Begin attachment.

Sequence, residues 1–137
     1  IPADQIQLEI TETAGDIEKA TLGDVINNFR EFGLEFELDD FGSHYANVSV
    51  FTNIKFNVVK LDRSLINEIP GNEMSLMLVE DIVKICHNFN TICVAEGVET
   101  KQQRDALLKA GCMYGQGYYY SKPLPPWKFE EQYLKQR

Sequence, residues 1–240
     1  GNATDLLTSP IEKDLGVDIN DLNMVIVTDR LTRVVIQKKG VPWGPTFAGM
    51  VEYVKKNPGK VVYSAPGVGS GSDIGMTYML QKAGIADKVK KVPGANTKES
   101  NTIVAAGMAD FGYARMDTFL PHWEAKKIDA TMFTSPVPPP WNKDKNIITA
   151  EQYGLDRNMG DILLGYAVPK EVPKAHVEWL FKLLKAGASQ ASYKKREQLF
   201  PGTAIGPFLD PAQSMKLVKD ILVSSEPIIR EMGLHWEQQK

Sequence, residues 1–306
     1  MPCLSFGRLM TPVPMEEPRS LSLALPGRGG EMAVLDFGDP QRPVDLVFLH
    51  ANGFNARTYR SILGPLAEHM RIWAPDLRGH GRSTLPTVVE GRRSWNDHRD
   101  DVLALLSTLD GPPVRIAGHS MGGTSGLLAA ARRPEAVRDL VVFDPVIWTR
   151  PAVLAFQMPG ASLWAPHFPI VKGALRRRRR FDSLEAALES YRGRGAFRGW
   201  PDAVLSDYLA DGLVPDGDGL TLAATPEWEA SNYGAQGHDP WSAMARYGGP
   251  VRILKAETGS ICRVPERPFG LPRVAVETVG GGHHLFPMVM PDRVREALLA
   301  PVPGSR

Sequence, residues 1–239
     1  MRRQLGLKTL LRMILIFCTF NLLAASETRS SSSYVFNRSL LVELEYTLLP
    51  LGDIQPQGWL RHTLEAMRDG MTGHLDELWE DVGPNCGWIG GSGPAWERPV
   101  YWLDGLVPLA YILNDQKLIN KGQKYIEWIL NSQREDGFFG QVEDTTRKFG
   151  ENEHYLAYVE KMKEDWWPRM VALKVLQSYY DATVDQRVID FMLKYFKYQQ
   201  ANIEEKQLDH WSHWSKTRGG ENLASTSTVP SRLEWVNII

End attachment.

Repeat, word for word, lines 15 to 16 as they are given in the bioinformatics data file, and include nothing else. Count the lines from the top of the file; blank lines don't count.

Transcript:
   151  PAVLAFQMPG ASLWAPHFPI VKGALRRRRR FDSLEAALES YRGRGAFRGW
   201  PDAVLSDYLA DGLVPDGDGL TLAATPEWEA SNYGAQGHDP WSAMARYGGP